Homophones Sometimes writers confuse words that sound alike but have different meanings. These words are called homophones. Notice the differences in meaning and spelling in the following examples of homophones: Did you hear a strange noise? I saw a raccoon here yesterday. Do you know the man wearing the black shirt? No, I don’t know him, and he has no name tag.

Sometimes contractions that are homophones cause difficulty in writing too. The following examples can be particularly tricky: it’s–its they’re–there–their you’re–your who’s–whose

Activity C  Select the homophone that correctly completes each sentence.

1. (Who’s  Whose) responsible for knocking over the dog’s water bowl? 2. (Who’s  Whose) skateboard is by that tree? 3. (It’s  Its) important for you to proofread your writing. 4. Could I please borrow (you’re  your) dictionary? 5. The dog was running in circles, trying to catch (it’s  its) tail. 6. (They’re  There  Their) is a fancy restaurant on the corner of Oakley and Waveland streets.

7. (You’re  Your) going to sing a song, aren’t you? 8. The Martins are trying to sell (they’re  their  there) house to the highest bidder.

9. (They’re  Their  There) waiting patiently for the hamburgers to be ready. 10. Denzig, (who’s  whose) father is a teacher, has decided that he would like to be a teacher someday too.

11. Are you going to (there  their) house after school today? 12. I see that you remembered to bring (you’re  your) book to the book club. 13. Jake kicked the soccer ball over (their  there). 14. Sophia can’t remember (who’s  whose) coming to her birthday party. 15. Do you think the orphaned rabbit will eat (its  it’s) food?

238  •  Chapter 1

Activity D  Use the following list of homophones to name what each numbered statement is describing. Use your dictionary if necessary. Define the remaining homophones. slay–sleigh maize–maze cash–cache core–corps taught–taut principal–principle meat–meet bread–bred

1. I am a basic rule or truth. 2. I am a way to get around in the snow. 3. I am what a hamburger is usually made of. 4. I am made into toast. 5. I am another name for corn. 6. I am money in your pocket. 7. I am a confusing path. 8. I am what happens when people get together. Activity E  Complete each sentence with the correct homophone from the list in Activity D. 1. The knight grabbed his sword to the dragon.

2. Algernon, the mouse, had to find his way through a

to be rewarded.

3. The canoe was carried along by a swift-moving .

4. Our neighbor us karate. 5. The hospital is staffed by a


using each word, or use the pair in one sentence, such as

6. The mountain climber tugged on the rope so that .

7. The explorer prepared a

of food to use when he returned from his journey.

8. His

Choose four pairs of words below and write a sentence

doctors and nurses. it was

Writer’s Corner

temperature was low.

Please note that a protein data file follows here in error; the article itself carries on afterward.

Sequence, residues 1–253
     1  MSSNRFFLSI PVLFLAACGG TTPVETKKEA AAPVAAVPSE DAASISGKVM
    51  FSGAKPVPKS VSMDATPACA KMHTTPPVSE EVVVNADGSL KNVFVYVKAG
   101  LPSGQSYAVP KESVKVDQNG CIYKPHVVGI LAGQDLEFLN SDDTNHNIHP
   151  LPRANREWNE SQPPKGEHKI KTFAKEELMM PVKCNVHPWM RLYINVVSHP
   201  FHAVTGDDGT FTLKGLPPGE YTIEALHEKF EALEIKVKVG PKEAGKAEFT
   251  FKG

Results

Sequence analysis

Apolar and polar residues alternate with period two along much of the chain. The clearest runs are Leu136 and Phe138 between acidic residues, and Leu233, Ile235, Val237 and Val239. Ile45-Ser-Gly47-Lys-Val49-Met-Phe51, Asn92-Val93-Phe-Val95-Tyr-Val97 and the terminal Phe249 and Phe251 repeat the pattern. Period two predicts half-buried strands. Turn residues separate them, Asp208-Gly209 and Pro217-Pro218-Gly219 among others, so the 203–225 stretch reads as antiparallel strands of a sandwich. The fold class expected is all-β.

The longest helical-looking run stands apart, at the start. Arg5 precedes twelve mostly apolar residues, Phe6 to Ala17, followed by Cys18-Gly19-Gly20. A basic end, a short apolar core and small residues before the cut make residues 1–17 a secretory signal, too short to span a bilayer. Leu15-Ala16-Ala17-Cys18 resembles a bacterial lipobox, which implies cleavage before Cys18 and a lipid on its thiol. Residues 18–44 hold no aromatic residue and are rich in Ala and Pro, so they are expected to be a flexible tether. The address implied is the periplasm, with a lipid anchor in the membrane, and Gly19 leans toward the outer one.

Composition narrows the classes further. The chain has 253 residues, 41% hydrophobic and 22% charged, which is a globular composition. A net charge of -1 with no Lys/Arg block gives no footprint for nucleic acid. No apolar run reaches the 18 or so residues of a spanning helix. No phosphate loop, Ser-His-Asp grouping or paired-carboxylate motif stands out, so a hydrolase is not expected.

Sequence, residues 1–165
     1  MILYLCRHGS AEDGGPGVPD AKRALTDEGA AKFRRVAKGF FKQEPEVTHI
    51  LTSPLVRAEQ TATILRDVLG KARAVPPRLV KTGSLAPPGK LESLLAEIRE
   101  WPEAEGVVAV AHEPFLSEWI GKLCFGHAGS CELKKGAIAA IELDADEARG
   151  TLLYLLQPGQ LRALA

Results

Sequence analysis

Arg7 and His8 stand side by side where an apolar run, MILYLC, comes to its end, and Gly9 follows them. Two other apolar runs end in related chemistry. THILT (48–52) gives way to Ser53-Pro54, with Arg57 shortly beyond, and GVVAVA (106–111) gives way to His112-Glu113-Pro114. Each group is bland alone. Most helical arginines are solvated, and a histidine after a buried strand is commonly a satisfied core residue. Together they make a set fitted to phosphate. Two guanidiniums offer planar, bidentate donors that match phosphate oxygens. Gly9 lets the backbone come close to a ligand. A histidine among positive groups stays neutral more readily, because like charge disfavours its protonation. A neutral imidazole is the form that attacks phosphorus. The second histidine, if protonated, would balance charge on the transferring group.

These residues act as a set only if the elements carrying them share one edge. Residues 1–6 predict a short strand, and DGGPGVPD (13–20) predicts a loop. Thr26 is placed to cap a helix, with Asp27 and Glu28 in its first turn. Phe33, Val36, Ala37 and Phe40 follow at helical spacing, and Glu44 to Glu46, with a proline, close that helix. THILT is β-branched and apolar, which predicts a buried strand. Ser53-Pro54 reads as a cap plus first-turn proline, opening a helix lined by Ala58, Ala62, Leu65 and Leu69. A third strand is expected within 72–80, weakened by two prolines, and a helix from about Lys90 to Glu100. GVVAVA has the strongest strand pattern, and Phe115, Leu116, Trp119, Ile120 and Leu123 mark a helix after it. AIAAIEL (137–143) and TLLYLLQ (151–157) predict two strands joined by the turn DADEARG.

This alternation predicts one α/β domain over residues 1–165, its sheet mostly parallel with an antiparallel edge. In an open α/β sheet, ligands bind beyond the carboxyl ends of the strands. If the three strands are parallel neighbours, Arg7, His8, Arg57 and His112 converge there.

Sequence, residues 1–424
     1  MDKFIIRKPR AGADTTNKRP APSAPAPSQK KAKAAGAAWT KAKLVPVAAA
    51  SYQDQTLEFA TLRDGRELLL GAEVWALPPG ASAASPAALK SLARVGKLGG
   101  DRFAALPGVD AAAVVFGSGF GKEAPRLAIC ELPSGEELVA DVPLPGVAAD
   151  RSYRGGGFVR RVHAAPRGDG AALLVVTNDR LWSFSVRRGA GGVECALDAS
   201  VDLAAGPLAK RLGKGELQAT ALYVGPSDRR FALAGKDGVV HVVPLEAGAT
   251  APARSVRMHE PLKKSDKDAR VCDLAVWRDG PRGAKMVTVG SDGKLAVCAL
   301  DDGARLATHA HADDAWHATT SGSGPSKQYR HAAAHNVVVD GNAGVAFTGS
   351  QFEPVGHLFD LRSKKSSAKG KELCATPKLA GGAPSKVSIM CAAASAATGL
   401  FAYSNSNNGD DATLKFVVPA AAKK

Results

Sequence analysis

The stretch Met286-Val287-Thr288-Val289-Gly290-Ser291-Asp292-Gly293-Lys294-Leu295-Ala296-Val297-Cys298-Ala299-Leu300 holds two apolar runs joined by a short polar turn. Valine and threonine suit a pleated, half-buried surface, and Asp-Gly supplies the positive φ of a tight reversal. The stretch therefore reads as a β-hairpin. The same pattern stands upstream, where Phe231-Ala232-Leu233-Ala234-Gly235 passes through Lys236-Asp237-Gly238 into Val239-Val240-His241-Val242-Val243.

I did not tie the knot. bough–bow coarse–course knot–not patience–patients piece–peace stationery–stationary sum–some

With an adult, look up a word in an online dictionary.

through–threw Personal Narratives  •  239



Study Skills

Graphic Organizers Time Lines A time line is a graphic organizer that writers use to arrange the events of a story or an experience. Time lines are constructed by listing events in chronological order on a vertical, horizontal, or diagonal line. Suppose the writer chose “my first hiking experience” as the topic for a personal narrative. Here’s an example of the writer’s time line.

studied articles about trail bought hiking gear

Day 1 evening

Day 2 morning

arrived at trailhead hiked 6 miles to top felt tired but excited

Day 2 afternoon

slipped going down drove home drank hot chocolate

Word Webs A word web is a type of graphic organizer that helps writers map out the subtopics and details related to their chosen topic. It also keeps writers from introducing unnecessary details. The following three steps are examples of how a writer might construct a word web to organize the topic “my first hiking experience”: 1. Write your topic idea and draw a box around it. 2. Around the box, name things that are related to the topic “my first

hiking experience.” These ideas are called subtopics. Draw lines connecting each subtopic to the topic in the center. 3. Around each subtopic, write any details relating to that subtopic.

240  •  Chapter 1

studied articles

bought gear Preparation

slipped going down

at trail by 8 a. m. Hiking back

drove home

My first hiking experience

Hiking to Eagle Ridge tired but excited

hiked 6 miles

Activity A  Refer to the graphic organizers to write one or two sentences for each of the subtopics below. Include the details connected to the subtopics in the word web. Feel free to add your own details for creativity. The first one has been done as an example. 1. Preparation—A day before the hike we read an article about the trail and then bought backpacks, hiking boots, and trail mix.

2. Hiking to Eagle Ridge— 3. Hiking back—

Writer’s Corner Create a time line for the topic “my last day of summer vacation,” or choose a topic

Use a computer to create your time line.

of your own. Personal Narratives  •  241

Using Your Graphic Organizer Now that the subtopics and details of the experience have been organized, here’s an example of how one writer chose to write a draft of the body of a personal narrative, based on a graphic organizer.